NYT Op-Ed: A Self-Defeating Immigration Policy23 Sep 2010
Everyone seems to agree that U.S. immigration policy is badly in need of repair, but there is substantially less concurrence about what is broken and how to fix it. As a recent New York Times Op-Ed piece points out, the problem of illegal immigration gets most of the attention – with federal, even state, authorities scrambling to seal the border – while we continue to ignore the disastrous economic consequences of an immigration system that provides far too few visas to talented foreigners who want to work here. (See Foreign Stimulus, by Pia Orrenius and Madeline Zavodny, New York Times, 13.Sep.2010.) One might sum up this self-defeating situation in the words of Walt Kelly’s cartoon alter ego, Pogo: “We have met the enemy, and he is us.”
According to Orrenius and Zavodny, the current immigration system is lopsided, tilted too heavily toward family immigration, with about 85 percent of all new green cards granted to family members of U.S. citizens or green card holders, and to “humanitarian refugee and ‘diversity immigrants’ who come from countries with low rates of immigration to the United States.” This leaves 15 percent of the available green cards for foreign workers who wish to immigrate to the United States, and their family members, Orrenius and Zavodny report. The families of foreign workers take up about half of the available visas, they point out, “leaving a mere seven percent of so-called principal workers, most of whom are highly skilled. No other major Western economy gives such a low priority to employment-based immigration, and for good reason: these immigrants are the most skilled and least likely to be a burden on taxpayers.”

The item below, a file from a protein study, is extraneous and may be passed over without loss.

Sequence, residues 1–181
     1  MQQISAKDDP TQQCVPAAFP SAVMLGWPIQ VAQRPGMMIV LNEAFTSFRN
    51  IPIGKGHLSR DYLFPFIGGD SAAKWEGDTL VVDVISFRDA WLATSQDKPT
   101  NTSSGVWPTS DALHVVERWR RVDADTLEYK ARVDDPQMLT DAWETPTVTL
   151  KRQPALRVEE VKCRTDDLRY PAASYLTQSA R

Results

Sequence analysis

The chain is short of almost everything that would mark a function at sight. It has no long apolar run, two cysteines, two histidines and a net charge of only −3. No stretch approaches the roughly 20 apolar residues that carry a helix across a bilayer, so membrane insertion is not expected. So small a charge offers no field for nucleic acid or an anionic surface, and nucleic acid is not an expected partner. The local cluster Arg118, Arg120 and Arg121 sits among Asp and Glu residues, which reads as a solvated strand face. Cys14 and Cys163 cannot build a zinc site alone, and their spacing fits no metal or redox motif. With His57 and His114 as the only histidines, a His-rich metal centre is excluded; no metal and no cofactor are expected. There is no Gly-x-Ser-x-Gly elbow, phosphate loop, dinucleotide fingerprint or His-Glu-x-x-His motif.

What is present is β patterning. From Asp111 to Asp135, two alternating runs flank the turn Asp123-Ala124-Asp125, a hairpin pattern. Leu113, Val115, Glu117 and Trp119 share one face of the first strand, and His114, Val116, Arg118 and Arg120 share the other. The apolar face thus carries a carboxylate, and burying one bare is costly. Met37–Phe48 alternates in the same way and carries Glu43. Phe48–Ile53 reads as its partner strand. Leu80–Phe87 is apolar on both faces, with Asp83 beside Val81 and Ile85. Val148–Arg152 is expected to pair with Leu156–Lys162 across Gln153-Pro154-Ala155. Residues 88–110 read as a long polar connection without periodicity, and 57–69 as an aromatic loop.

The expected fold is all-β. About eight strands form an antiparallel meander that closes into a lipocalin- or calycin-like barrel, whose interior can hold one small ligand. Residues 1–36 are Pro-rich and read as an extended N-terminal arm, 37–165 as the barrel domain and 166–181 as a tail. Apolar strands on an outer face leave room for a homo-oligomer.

The reason more of these workers can’t get in is that we don’t let them, Orrenius and Zavodny argue. Our current system limits the number of employment-based green cards that are available at any given time – leaving too many talented applicants, and the businesses that would profit from their employment, standing in line. This hits applicants from India and China especially hard, the authors point out, because “in general, no more than 7 percent of green cards can be allocated each year to applicants from any one country.”
To make the system faster and more responsive to the needs of the market, Orrenius and Zavodny propose allocating worker visas by auction, doing away with the current lottery and first-come, first-served visa system. Actually, their proposal calls for two separate auctions for two differing segments of the labor market: high-skilled and low-skilled workers. Low-skilled workers should be included in the system, Orrenius and Zavodny argue, to provide enough visas so that low-skilled workers have fewer incentives to immigrate illegally. To respond to changing market conditions, the government could shrink or expand the number of permits available at auction, they say, and the resulting revenue could be used to reduce the deficit, retrain workers displaced by immigration, or cover other immigration-related costs incurred by states or localities with large immigrant populations.
The Orrenius / Zavodny proposal is another constructive contribution to the debate about how best to reform our immigration system, one that casts a cold critical eye on the priority we currently give to family-based immigration. Few will dispute the desirability of maintaining a strong family-based immigration system, but a rebalancing of our priorities is well worth considering, given present economic circumstances, and the inability of our present system to keep pace with the needs of our business community. Anyone interested in reading about Orrenius and Zavodny’s proposals at greater length, may wish to check out their new book, Beside the Golden Door: U.S. Immigration Reform in a New Era of Globalization.